So the National Institute on Drug Abuse has given $3.7 million to a professor at the University of Maryland School of Pharmacy to make the first drug in the U.S. and maybe in the world for cocaine addiction from an ancient Chinese herbal remedy.
This is the pretty little herb: it’s called corydalis—in Chinese, yán hú suo.
The active ingredient in this plant is called l-tetrahydropalmatine, or l-THP. Professor Jia Bei Wang and colleagues from the pharmacy and medical schools are going to take five years to study whether l-THP actually works to decrease cravings for cocaine. Apparently clinical trials could start within the year.
It’s interesting: l-THP, as corydalis herbal extract, is unregulated and available for purchase on the Internet. I wonder what kind of “drug” they’ll develop from it… considering traditional Chinese medicine practitioners have, according to my encyclopedia of herbal medicine, been using corydalis root successfully since the eighth century?
More from my encyclopedia about corydalis:
A painkilling herb that stimulates the circulation, controls spasms and nausea, and has sedative and antibacterial properties. Research also suggests action on the thyroid and adrenal cortex. Used internally as a sedative for insomnia, and as a stimulant and painkiller, especially in painful menstruation, traumatic injury, and lumbago.
This seems to jive with current thinking about l-THP—apparently the same orientation that Prof. Wang has—which says that the chemical blocks dopamine receptors (which by all accounts would give it sedative action). There are research papers out there that also suggest l-THP is good at ameliorating effects of chronic opioid administration in animals (so what’s called good for the crack addict will also likely be called good for the smack addict).
This is important recognition for the validity of traditional Chinese medicine and its potential impact on Western practice, and I’m real happy for Prof. Wang. 🙂
But personally: I’d be kind of reluctant to take anything on a regular basis that fiddled with my dopamine receptors. Just because I’m personally kind of reluctant to take anything on a regular basis at all anymore. (I take a couple of anti-epileptics at low doses for my migraines and fibromyalgia, in fact the doses are so low that the pharmacist questioned whether one of them was even therapeutic… I have mixed feelings about taking pills every day, but the fact is, despite recovering from addiction, I still have pain.) And also, fiddling with dopamine receptors is a dodgy proposition. Dopamine is the neurotransmitter that controls desire, appetite, creativity, sexuality and joy. Man o man, fiddling with that… But if that stuff isn’t present, you’re stuck in the pit of anhedonia, you’re dying to experience life, and that’s why you snort your lines, I can see why you’d want to figure out some fast remedy for the cravings.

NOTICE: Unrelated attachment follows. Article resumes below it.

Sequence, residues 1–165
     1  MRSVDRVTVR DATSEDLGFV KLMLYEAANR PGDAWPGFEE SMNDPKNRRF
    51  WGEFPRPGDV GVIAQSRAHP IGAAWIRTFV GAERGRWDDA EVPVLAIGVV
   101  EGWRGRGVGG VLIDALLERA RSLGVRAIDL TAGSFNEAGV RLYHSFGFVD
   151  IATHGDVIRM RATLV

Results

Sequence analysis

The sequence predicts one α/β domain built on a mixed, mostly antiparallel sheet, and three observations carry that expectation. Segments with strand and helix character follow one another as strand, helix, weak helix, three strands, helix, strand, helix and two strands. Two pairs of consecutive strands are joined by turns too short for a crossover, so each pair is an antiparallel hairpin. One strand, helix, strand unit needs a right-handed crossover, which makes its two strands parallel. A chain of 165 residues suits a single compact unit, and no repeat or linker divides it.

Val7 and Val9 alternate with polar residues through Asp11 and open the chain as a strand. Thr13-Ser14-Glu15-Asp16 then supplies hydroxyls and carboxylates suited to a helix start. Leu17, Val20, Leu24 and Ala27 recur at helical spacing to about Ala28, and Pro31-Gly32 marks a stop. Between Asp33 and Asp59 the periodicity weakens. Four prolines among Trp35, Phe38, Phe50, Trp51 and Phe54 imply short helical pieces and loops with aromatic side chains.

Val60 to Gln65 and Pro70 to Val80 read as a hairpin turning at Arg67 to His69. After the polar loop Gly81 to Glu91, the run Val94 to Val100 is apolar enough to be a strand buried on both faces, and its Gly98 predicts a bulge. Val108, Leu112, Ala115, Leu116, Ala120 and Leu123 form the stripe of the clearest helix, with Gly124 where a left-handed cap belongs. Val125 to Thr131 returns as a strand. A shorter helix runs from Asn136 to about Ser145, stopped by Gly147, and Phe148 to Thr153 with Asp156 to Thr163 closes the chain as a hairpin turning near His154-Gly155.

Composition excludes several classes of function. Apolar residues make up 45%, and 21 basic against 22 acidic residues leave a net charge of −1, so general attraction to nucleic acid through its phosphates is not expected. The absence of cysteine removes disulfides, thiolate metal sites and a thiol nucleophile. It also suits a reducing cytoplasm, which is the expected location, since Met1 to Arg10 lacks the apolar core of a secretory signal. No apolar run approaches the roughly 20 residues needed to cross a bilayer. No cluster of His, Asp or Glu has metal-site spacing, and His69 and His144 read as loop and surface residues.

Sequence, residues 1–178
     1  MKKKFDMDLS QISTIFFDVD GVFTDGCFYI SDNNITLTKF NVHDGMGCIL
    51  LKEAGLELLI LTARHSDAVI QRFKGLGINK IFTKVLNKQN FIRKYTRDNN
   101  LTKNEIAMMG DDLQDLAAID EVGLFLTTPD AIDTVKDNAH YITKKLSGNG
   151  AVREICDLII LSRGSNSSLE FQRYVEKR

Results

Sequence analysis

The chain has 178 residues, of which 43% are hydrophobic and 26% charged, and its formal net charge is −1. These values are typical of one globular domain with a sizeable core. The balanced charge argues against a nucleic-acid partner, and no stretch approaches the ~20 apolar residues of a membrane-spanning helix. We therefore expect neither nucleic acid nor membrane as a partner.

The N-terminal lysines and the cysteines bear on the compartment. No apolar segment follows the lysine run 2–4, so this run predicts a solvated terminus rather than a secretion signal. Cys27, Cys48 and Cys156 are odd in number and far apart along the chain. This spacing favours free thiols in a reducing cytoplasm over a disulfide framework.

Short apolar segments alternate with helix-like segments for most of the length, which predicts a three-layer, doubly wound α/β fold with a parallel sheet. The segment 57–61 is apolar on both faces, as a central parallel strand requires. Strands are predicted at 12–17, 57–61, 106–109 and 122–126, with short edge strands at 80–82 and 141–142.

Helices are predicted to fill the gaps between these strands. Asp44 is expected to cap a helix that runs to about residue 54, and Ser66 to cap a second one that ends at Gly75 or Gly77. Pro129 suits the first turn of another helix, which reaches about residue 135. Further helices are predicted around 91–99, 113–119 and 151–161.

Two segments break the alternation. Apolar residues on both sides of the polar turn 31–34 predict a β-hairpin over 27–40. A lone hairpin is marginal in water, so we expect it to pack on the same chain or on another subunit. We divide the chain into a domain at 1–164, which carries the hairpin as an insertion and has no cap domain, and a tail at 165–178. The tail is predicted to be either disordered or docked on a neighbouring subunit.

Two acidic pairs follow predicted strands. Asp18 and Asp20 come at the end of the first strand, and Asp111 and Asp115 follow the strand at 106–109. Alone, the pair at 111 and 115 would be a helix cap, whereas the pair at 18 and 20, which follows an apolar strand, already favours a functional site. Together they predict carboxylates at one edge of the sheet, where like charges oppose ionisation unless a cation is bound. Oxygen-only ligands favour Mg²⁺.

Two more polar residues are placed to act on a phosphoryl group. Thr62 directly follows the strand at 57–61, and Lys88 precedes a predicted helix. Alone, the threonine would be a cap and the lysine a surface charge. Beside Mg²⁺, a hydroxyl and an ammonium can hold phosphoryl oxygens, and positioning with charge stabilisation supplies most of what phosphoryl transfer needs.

And about those cravings: I was taught that you can’t solve a problem with the same thinking that got you there.
In other words, to solve a drug problem, drugs might not be the best solution…
But here’s another point: I know cocaine addicts (and heroin addicts and Oxy addicts and alcohol addicts and fentanyl addicts, you name it) who don’t have those cravings or that anhedonia anymore. While it might be great to find a pill that would get rid of cravings—I know there are many people for whom they never dissipate—why aren’t they studying what’s going right in those of us who no longer have them?
Scientists are frequently holding up fMRI scans and pronouncing dire conclusions about the “warped pathways” in addicts’ brains. Have they followed up on us after we get the kind of help you can’t get in a pill? (And I’m not just talking about the spiritual solution… though that’s part of it, for me and many others. I’m also talking about good nutrition, good exercise, good sleep, being part of community, and productive work—all the stuff you can’t patent and sell in a bottle.)
Scan me. I’d be curious to see whether my own dopamine and opiate pathways are still warped.